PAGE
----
EATON: Yeah, and the one of – There were two which the federal government specifically challenged that Judge Bolton said, ehh, I don’t see… And remember this was a preliminary order so all she was deciding was whether the federal government was likely to prevail. But she said one of them I don’t see that the federal government is likely to win and that was one where Arizona made it a state crime to transport those who are in this country illegally inside of the state. She said – inside of the state of Arizona. She said, look, that doesn’t have anything to do with regulating who should or should not be in this country so, therefore, I’m not going to issue an order blocking that.

CAVANAUGH: And so why didn’t the judge, if there was so much about this law that was really sort of dicey, why didn’t she just throw the whole law out?

EATON: Well, because there is an obligation that federal judges have not just to lightly throw out state-passed laws. There has to be some respect to the legislature, and particularly in this case, Arizona law had what’s called a severability provision. What does that mean? It means that there was a provision in the law that said if parts of this law are found to be unconstitutional, the rest of the law can go forward and be fully enforced. And that’s what the judge was looking at in deciding to enforce the – in deciding to allow the rest of the law to remain in place.

CAVANAUGH: And we have a caller on the line who wants to know whether, say, the police in totalitarian countries have the right to stop people for their documents but we don’t have that right here because it would trample on our freedom. Is there anything about actually asking for documents that would be unconstitutional?

EATON: Well, except that there is a requirement, of course, that certain classes of immigrants carry their papers on them. The difference is that Arizona was requiring that police officer – or, law enforcement officers actually – requiring them, pursuant to any lawful stop, actually ask for their papers. And what Judge Bolton pointed out was that there are certain classes of immigrants, and I won’t go into the specific details of them, who normally wouldn’t carry their papers and, of course, United States citizens never do. We have our passport when we travel abroad. And so the idea is that this would burden those classes of lawful immigrants, for example those who may have certain kinds of visas, constantly to produce their papers. Again, the burden was not so much that she was focusing on was on undocumented immigrants because they don’t – they really shouldn’t be in this country in the first place. The burden was on people who are here who might be burdened because of this reasonable suspicion that they are not here legally and asked to produce papers all the time.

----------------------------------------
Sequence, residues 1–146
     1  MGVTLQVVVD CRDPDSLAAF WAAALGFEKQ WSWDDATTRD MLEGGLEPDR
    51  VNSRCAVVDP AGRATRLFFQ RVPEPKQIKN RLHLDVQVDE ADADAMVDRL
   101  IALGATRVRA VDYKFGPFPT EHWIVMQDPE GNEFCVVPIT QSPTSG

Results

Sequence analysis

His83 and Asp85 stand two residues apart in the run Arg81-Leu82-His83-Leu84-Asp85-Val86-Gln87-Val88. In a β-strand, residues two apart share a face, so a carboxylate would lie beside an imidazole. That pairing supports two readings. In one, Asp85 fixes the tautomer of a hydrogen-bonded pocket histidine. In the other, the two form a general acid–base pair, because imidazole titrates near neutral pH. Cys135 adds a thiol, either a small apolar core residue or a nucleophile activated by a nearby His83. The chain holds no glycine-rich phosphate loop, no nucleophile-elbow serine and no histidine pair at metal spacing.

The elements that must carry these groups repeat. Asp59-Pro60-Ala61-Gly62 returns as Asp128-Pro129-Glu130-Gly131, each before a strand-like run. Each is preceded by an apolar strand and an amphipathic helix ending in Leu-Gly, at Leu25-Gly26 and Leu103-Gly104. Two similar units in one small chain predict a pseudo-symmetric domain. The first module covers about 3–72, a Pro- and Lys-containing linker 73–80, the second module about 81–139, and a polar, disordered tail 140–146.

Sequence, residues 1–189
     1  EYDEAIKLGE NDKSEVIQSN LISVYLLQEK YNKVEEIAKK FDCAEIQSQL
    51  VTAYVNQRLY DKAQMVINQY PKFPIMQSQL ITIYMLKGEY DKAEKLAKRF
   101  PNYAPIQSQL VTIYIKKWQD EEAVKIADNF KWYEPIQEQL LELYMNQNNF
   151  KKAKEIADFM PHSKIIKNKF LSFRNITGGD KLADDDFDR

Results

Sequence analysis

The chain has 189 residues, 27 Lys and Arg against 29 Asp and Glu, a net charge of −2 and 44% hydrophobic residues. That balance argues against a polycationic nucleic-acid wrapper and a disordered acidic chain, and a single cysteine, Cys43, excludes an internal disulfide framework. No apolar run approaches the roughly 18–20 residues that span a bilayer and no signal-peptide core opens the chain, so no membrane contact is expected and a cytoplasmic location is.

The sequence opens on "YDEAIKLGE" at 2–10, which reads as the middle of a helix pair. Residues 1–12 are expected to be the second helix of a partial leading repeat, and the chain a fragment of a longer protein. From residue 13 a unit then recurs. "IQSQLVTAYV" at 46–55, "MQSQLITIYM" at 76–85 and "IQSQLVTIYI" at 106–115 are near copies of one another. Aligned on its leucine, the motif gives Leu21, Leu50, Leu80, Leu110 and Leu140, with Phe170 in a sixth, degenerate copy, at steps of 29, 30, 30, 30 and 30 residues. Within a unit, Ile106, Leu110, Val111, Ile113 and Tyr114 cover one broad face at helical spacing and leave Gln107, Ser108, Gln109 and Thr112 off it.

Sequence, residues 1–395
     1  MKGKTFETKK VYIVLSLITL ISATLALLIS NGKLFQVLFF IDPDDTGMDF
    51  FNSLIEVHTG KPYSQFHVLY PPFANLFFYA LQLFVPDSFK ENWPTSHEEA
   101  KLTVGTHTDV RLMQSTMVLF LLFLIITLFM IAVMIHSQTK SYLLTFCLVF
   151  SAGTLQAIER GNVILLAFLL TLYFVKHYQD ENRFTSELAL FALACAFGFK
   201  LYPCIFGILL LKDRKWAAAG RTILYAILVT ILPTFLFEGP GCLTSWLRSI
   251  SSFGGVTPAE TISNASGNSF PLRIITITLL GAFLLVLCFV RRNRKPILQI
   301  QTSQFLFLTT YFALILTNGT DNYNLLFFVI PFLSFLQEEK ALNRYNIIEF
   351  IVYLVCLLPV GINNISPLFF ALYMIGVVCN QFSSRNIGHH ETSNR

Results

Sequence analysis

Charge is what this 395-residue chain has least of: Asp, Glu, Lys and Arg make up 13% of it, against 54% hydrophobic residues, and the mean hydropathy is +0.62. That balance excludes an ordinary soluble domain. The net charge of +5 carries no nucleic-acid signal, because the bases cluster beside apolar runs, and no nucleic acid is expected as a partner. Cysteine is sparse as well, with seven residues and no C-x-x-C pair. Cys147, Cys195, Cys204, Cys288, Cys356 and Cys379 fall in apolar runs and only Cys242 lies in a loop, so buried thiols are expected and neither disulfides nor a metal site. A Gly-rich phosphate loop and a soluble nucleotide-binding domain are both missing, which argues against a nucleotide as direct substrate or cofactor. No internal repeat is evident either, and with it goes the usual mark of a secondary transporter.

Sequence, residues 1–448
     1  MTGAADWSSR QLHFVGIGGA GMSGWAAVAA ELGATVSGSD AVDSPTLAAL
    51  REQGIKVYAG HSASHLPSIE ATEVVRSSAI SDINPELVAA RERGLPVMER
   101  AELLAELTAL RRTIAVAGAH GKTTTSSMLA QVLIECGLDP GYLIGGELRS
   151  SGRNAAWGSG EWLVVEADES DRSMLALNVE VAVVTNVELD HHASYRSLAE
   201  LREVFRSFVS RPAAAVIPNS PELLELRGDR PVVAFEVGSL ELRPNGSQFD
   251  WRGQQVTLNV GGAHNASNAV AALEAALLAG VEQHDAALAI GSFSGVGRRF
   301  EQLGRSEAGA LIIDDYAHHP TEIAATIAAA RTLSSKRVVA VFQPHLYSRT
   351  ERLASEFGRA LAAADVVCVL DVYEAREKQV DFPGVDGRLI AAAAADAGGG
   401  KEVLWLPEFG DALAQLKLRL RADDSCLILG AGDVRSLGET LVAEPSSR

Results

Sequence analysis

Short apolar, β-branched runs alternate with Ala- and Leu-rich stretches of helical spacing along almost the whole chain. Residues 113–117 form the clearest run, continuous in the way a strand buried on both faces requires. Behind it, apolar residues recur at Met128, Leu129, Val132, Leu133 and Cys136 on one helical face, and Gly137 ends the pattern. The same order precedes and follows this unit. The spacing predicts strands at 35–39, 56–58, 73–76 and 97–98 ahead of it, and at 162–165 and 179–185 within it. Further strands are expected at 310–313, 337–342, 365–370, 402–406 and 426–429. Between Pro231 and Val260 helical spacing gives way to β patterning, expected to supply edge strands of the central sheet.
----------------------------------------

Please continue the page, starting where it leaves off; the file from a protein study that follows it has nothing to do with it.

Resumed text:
CAVANAUGH: And finally on this topic, you said this was a provisional ruling. Is – should we expect another ruling on SB-1070?

EATON: Well, yeah. Well, there will be a full trial assuming that the case isn’t settled. And eventually the judge will have to make a definitive ruling as to whether these provisions are unconstitutional, not unlike the ruling, of course, that Judge Walker made in connection with the constitutionality of Proposition 8.

CAVANAUGH: Let’s move on. Our last topic comes from Michigan but it has implications for California…

EATON: It does.

CAVANAUGH: …especially as voters consider a ballot proposition this November to legalize the use of marijuana. It concerns employers and the right to terminate employees using medical marijuana. In late June, a Michigan man sued Wal-Mart saying that he was wrongfully fired for failing a drug test that indicated he had used marijuana. He had a prescription for marijuana to treat pain from cancer, and medical marijuana use is allowed in Michigan as it is in California. What are the facts of this case, Dan?

EATON: Yeah, Joseph Casias was a Michigan man who had worked at Wal-Mart for several years when in 2009 he twisted his knee at work pushing a cart. He was – had managerial responsibility for inventory control. And like most – like many employers, Wal-Mart requires drug testing when you have a workplace injury. There was a test. The – Mr. Casias submitted to the person who was the testing person his registration, his state registration under the state’s marijuana law, prescription marijuana law. Unsurprisingly, he tested positive. And so what happened, ultimately was he was fired for the positive drug test, notwithstanding the fact that he had a card indicating that he was registered for the use of pain from cancer, as it turns out, to treat his condition. But they said, no, we’re going to have to terminate you.

CAVANAUGH: Now, what was the legal basis for Mr. Casias’ claim? I mean, obviously, he had that card that said he had a right to use medical marijuana so why – what – where’s the disconnect here?